Release Date(s)1978 (October 5, 2021)
Studio(s)Falcon International/Compass International/Aquarius Releasing (Shout!/Scream Factory)
- Film/Program Grade: A
- Video Grade: A
- Audio Grade: B+
- Extras Grade: A-
It’s difficult to imagine a small, independent horror film not only spawning sequels, but an entire franchise dedicated to its leading boogie man. Michael Myers has been scaring audiences since 1978 in varying fashions, having been essentially rebooted twice. Yet the simplicity and effectiveness of John Carpenter’s original Halloween, complete with one of the most recognizable pieces of film score in the history of cinema, still stands tall above the many films that followed in its wake. It’s often blamed for the slasher glut of the 1980s, though one would argue that Friday the 13th, a blatant attempt at ripping off Halloween, was where that trend truly began. Now, over forty years since its release, it’s still paying dividends whereas many of the franchises that it spawned are either forgotten, sitting on the shelf, or in creative limbo.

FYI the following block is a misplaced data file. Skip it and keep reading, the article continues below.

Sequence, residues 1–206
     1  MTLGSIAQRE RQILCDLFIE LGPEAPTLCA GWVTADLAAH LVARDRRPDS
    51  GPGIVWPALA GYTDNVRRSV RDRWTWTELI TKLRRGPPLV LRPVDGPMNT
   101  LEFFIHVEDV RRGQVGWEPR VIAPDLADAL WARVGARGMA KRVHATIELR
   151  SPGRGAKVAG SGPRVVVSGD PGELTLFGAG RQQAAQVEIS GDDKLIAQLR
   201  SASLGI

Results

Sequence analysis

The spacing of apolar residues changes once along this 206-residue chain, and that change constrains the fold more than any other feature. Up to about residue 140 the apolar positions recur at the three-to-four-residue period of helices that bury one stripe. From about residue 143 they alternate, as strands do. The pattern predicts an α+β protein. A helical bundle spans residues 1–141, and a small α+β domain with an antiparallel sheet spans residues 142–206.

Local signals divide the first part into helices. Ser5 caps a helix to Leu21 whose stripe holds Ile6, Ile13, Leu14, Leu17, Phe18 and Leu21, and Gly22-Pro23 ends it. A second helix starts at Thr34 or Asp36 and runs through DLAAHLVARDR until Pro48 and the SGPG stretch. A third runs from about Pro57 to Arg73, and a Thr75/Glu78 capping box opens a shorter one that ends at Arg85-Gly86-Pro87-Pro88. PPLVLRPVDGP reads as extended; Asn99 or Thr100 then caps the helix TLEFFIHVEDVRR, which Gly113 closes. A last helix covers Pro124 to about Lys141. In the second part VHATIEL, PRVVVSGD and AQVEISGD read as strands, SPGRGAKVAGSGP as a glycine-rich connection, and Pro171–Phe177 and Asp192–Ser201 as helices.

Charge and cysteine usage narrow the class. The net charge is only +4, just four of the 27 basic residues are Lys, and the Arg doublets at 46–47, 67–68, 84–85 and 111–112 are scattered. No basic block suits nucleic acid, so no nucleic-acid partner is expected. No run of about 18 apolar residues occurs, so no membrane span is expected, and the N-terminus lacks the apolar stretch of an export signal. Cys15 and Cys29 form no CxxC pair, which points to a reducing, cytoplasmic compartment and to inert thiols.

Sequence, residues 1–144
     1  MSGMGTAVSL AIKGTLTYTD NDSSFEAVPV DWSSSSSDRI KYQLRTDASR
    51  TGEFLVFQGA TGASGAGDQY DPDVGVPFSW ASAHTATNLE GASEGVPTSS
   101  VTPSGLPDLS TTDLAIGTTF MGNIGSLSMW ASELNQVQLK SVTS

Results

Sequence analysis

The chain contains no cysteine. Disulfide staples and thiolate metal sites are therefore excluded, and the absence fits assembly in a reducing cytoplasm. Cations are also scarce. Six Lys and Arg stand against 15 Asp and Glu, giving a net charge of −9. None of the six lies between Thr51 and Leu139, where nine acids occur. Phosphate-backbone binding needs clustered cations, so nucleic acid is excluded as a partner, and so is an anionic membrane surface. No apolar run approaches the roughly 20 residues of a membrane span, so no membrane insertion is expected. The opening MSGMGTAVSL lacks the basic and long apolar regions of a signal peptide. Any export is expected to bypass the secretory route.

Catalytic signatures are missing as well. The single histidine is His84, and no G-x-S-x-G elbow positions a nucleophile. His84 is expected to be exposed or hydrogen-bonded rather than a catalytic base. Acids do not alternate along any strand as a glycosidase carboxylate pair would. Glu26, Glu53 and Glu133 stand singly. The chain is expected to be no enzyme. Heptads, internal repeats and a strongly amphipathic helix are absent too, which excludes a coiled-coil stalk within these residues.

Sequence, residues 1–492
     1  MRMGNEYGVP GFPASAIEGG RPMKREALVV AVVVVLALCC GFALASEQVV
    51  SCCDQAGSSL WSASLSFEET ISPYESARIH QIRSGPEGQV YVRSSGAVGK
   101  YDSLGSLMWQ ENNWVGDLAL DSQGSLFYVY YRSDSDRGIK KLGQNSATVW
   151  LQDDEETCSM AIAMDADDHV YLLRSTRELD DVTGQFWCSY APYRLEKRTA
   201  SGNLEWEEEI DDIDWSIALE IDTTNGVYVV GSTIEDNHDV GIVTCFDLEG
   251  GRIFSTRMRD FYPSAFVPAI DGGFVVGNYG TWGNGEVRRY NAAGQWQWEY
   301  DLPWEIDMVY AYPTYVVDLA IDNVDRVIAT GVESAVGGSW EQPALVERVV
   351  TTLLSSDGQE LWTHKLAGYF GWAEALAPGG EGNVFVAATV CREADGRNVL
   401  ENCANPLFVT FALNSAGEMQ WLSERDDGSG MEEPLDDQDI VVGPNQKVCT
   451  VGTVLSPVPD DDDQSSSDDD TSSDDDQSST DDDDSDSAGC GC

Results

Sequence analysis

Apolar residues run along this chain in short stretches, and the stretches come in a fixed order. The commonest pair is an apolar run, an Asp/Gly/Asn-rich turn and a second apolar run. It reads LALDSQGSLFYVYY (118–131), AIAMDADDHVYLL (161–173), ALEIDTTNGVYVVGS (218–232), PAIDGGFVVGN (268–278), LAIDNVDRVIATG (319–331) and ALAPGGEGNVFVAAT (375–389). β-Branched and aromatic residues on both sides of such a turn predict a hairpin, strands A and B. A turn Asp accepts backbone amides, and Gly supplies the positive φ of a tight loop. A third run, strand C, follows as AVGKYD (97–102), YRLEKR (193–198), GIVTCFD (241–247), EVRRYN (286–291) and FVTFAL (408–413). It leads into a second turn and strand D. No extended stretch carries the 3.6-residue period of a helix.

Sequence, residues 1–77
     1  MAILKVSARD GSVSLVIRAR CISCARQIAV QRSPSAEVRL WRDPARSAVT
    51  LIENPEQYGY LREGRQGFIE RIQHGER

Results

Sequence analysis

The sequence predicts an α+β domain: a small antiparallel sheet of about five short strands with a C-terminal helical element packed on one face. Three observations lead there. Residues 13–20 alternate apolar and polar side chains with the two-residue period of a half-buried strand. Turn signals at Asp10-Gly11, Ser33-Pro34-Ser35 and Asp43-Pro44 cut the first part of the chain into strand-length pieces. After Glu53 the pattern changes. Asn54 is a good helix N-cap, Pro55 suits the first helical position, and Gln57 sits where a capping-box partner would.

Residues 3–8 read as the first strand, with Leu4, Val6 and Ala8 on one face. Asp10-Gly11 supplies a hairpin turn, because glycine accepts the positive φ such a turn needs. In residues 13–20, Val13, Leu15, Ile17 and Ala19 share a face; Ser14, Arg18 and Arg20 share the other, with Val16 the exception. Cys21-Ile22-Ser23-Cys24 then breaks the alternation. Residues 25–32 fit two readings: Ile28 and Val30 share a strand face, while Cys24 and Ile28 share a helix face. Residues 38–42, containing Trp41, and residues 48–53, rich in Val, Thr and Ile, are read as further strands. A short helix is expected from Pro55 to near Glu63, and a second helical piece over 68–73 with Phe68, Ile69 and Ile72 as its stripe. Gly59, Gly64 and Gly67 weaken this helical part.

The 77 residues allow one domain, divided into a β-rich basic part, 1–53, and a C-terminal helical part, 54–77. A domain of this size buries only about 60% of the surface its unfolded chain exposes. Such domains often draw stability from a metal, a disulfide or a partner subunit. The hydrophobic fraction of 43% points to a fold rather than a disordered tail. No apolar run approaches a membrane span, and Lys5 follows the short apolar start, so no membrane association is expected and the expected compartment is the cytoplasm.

On Halloween night in Haddonfield, Illinois, young Michael Myers inexplicably stabs his older sister. Locked away in an asylum for the rest of his life, he maintains a quiet vigil. Over time, his doctor, Sam Loomis (Donald Pleasence), becomes uneasy about him, sensing that there’s something more to this man than what’s on the surface. On the evening before Halloween when Michael is meant to be transported to a new hospital, he escapes. Knowing him best, Dr. Loomis heads for Haddonfield where he fears that Michael, now believed to be the essence of pure evil, is going to kill again. Michael sets his sights on three young women, Laurie Strode (Jamie Lee Curtis), Annie (Nancy Loomis), and Lynda (P.J. Soles). That night, the withdrawn and shy Laurie babysits young Tommy Doyle and Lindsay while the other girls fraternize with their boyfriends. Meanwhile, Michael stalks their neighborhood, dispatching them one by one, while Dr. Loomis and Sheriff Brackett (Charles Cyphers) search for him.